Foster care is intended as a temporary solution for children whose parents cannot care for them. At any one time, about half a million children in the United States are in foster homes.
The foster care system has a reputation as a place for children who are victims of abuse or neglect; this reputation is only partially deserved. About half of children in foster homes have a chronic disability that can make caring for them difficult. In fact, many of these children enter foster care because they have complex medical needs that their families cannot manage, often because of limited resources.
When children enter the foster care system, they are automatically enrolled in Medicaid, and their foster parents receive funds for their care. As a result, this system is becoming a critical component of caring for children with disabilities.
We have found that children with autism are particularly likely to end up in the foster care system.
Long- and short-term outcomes for children in foster care are not good: Children who spend any amount of time in foster homes are less likely than their peers to graduate from high school and more likely to end up homeless, in the criminal justice system or in long-term residential care.
Foster care may be an even less desirable place for children with autism, given their special needs. Although foster parents may receive some specialized training, it is generally not nearly enough to help them adequately care for these children.
Disability policy, especially that specific to the healthcare and child welfare systems, should be designed to help the children’s biological or adoptive parents care for them and keep them in their homes.
Because all children in foster care are on Medicaid, using Medicaid claims is one of the best ways to study the prevalence and healthcare experiences of children with autism in the system. In our first study using national Medicaid claims, in 2008, we found that 7.3 percent of Medicaid-enrolled children with autism were in foster care. This is well above twice the proportion of all Medicaid-enrolled children in foster care1.
Last year, my colleagues and I decided to address this question in a more rigorous way. We wanted to know how the prevalence of children with autism in foster care is changing over time. We also asked whether children with autism are more likely to enter foster care than their neurotypical peers.
To see if there is something specific to autism that puts a child at risk for ending up in foster care, we compared children who have autism, intellectual disability or neither.
We found that the prevalence of children with neither condition in foster care was stable from 2001 to 2007, ranging from 3.5 to 3.9 percent. The prevalence of children with intellectual disability was more than twice as high in 2001 (8.3 percent), but went down over time to 7.3 percent in 2007.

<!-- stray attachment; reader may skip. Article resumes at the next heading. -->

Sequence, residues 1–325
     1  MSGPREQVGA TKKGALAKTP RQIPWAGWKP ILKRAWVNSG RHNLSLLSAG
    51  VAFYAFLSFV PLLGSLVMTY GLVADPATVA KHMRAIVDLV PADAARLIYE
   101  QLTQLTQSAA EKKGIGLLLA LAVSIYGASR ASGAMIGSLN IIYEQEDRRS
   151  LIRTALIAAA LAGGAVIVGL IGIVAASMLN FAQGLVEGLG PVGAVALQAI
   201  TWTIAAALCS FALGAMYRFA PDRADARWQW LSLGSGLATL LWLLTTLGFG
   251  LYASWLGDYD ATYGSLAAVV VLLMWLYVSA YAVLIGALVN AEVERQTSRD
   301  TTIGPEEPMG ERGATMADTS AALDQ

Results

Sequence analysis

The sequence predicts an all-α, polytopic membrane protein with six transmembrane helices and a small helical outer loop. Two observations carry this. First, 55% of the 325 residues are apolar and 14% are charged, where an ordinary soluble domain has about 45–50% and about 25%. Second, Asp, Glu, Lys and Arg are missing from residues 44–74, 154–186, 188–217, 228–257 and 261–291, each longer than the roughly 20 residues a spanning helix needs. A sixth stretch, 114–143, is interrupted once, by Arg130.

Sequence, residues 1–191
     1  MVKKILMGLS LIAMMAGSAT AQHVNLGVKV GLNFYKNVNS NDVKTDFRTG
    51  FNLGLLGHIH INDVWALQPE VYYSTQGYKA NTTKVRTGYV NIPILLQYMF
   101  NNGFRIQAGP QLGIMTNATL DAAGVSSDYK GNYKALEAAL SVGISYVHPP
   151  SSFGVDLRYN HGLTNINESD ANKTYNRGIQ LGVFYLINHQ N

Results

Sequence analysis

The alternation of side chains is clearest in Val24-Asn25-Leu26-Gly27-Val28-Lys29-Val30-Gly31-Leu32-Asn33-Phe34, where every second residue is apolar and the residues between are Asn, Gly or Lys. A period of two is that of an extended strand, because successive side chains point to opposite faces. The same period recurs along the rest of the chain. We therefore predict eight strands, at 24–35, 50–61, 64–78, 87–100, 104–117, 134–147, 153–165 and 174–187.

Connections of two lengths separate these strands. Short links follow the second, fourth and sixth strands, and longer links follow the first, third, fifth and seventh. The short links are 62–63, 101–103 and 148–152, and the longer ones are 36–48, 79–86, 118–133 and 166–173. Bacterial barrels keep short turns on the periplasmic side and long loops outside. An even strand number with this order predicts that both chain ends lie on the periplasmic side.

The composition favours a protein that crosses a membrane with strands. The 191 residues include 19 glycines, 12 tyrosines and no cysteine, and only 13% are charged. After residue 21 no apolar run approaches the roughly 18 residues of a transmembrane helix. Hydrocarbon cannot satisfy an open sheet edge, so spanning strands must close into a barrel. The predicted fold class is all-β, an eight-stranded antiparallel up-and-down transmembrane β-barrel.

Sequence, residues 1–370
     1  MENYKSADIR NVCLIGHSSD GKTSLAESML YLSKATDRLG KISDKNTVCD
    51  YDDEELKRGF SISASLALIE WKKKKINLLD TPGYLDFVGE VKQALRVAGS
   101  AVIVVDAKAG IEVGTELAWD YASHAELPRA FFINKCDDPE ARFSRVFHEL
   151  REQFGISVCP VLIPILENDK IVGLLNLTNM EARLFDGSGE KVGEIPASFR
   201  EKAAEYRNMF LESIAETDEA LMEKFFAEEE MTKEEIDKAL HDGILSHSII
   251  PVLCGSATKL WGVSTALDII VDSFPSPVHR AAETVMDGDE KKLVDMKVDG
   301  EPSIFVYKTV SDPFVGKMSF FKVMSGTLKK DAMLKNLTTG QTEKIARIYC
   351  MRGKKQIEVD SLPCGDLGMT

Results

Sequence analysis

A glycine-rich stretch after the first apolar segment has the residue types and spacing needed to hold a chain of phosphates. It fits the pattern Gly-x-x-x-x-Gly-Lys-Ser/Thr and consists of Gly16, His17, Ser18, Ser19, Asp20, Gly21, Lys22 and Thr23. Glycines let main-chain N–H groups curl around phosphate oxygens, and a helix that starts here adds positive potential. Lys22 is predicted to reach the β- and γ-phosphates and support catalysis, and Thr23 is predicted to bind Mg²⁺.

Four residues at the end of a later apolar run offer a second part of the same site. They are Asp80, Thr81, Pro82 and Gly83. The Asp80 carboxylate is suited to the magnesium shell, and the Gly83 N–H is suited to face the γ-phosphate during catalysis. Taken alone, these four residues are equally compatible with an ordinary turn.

The prevalence of children with autism in foster care started out slightly lower; it was 7.5 percent in 2001. It climbed to 10.5 percent in 2005 and then declined to 9.1 percent in 2007.
When we statistically controlled for children’s age, race, sex and state of residence, we found that children with autism were 2.4 times more likely, and children with intellectual disability 1.9 times more likely, to enter foster care than typical children2.
We don’t know why this is so, but we see at least three possibilities — all of them related to the challenging behaviors that often accompany autism and the difficulty in obtaining high-quality care.
First, raising a child with autism is stressful for families, as the condition is unusually difficult to manage effectively. Some parents may simply not have the skills and resources to do so. This may result in neglect or abuse — and placement in foster care. Alternatively, families may voluntarily place children with autism in foster care because they can’t handle the children’s behavioral problems. Third, parents may relinquish custody so that their children can obtain Medicaid-funded or residential care that they otherwise cannot afford.
These three scenarios are known to happen among other children but have not been studied in those with autism.
Help for families:
To lower the chances that a child with autism will land in foster care, clinicians working with these families should talk openly about the stresses of raising a child on the spectrum. They should ask how that stress is manifesting in the family, and assist the family members in getting the support they need.
In addition, all U.S. states should offer home visits from professionals or short-term breaks for parents of children with autism. (Only a handful currently do.) Home visits and respite services have been shown to lower the chances of psychiatric hospitalization among children with autism, and also may reduce the risk of foster care placement3.
Foster care arrangements may involve care from a relative, from a stranger or in a residential facility. Public funds pay for all of these placements, which can cost between $30,000 and $50,000 per child per year. That means that if we can identify children at high risk for foster care placement, we could intervene intensively and still save money.
Beyond cost savings, we have an ethical obligation to help families care for their children with autism. We can and must do better to help these most vulnerable children and their families.
David Mandell is director of the University of Pennsylvania’s Center for Mental Health Policy and Services Research.